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New Link Between Birth Control and Female Sexual Dysfunction

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It looks like some women taking oral contraception may want to rethink the risks. A new study published in The Journal of Sexual Medicine shows that women taking oral hormonal contraceptives are at the highest risk of female sexual dysfunction (FSD) compared to women taking other kinds of contraceptives.

FSD has yet to be completely explored or even explained by researchers and medical professionals. Though we have spent years investigating and finding cures for male sexual dysfunction, we have a long way to go for females. According to the researcher Dr. Lisa-Maria Wallwieiner of the University of Heidelberg in Germany, "FSD is a very common disorder...the most common complaint appearing to be low desire." FSD can appear in other forms as well including vaginal dryness, lack of arousal, etc.

Though we have often associated FSD with external factors such as stress, relationships, and internal hormonal levels, this new study suggests that taking hormonal birth control may be another factor.

Over a thousand women were included in the study - the majority had used contraceptives in the last six months and had been sexually active within the last four weeks. Just over 32 percent of participants were at risk for FSD - almost six percent for hypoactive sexual desire disorder, 8.7 percent for orgasm disorder and 2.6 percent for satisfaction problems.

Factors such as age, prior pregnancy, and relationship status were not factors in evaluating risks.

As Editor-in-Chief of the Journal points out, it's ironic that a drug used to provide freedom for women to have sex without risks is the very thing that is keeping them from necessarily enjoying a satisfying sex life.

It raises the question, "Do we stop taking the pill?" Well, I'm not the person to ask that question. First, assess your sexual health and your overall health. Think about how these factors may have changed when you started taking hormonal oral contraceptives. And then go see your doctor. Talking to a medical professional about these risks will help you decide if you should actually change your method of birth control or if you should think about alternative methods of treatment for possible FSD.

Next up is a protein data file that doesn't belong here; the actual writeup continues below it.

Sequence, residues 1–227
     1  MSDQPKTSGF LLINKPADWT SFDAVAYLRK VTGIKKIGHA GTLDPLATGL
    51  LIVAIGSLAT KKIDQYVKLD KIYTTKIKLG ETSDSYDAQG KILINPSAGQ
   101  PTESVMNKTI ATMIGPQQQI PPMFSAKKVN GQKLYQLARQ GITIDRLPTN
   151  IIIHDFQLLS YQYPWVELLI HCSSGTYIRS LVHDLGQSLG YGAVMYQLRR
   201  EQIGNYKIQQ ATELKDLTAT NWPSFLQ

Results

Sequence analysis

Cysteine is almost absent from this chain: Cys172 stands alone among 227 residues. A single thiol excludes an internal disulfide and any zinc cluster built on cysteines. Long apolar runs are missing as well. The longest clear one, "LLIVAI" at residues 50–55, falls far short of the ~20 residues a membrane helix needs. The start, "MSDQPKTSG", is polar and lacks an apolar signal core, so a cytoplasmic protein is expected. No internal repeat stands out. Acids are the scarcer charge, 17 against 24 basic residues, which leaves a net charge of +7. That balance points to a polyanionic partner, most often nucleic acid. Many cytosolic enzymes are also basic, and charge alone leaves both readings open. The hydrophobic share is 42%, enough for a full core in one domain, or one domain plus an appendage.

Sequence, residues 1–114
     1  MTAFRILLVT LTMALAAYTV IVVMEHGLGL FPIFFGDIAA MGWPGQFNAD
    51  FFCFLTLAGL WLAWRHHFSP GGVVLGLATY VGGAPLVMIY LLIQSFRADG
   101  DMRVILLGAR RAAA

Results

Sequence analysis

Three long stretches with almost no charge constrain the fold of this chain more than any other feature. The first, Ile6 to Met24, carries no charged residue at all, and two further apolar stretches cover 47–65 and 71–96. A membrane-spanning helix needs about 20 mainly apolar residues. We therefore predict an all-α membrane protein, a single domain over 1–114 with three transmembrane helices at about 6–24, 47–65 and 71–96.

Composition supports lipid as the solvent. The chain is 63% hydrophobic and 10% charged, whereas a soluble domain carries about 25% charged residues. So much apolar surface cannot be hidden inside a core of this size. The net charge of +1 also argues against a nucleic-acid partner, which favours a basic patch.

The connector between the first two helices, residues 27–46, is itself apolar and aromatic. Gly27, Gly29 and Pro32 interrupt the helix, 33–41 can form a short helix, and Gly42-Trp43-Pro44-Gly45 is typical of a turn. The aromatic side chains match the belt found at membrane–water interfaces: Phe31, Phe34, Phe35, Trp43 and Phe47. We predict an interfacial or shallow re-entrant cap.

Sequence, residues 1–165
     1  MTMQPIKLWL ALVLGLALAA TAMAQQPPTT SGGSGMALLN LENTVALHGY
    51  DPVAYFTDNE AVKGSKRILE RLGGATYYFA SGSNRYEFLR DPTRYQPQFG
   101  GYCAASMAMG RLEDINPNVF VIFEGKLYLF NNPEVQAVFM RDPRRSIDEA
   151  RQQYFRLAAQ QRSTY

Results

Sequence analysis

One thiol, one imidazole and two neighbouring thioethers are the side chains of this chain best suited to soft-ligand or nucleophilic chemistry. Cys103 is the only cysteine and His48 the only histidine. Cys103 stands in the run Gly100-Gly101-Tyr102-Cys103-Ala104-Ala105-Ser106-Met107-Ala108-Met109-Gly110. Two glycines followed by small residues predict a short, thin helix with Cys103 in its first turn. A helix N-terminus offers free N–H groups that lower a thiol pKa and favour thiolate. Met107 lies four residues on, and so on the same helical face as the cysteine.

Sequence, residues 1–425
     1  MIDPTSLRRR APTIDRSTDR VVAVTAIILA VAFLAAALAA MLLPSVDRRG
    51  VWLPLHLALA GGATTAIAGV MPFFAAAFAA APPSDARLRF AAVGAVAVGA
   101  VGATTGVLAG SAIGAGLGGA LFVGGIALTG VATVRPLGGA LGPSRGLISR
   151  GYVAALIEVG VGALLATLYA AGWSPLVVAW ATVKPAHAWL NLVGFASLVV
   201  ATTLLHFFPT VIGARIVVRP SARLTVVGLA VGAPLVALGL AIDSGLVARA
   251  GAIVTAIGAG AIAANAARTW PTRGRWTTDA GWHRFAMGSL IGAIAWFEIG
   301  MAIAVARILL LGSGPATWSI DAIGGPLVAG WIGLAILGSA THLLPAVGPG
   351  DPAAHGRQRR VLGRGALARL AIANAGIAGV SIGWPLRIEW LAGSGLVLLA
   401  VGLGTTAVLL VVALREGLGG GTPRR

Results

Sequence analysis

I leave it to you readers - do you think the study will change the numbers of women who use oral contraceptives? Do you think there is a correlation between taking these drugs and FSD?

Add a Comment1 Comments

Please note that this is an observational study and it only invloved one group of women. This study does not state that the pill causes low desire .

I do not mean to be critical of your report but it would be helpful to your readers read the WedMD summary on this journal article. The Editor of the Journal is making a rather sweeping statement when he states that " it's ironic that a drug used to provide freedom for women to have sex without risks is the very thing that is keeping them from necessarily enjoying a satisfying sex life. "

No one has ever said that the pill was without risk. It does have risks like all medications. The question is rather does it cause low desire and this study does not answer that question and the authors of the study even stated women should continue to take the pill and not base stopping the pill on this study.

May 8, 2010 - 5:37am
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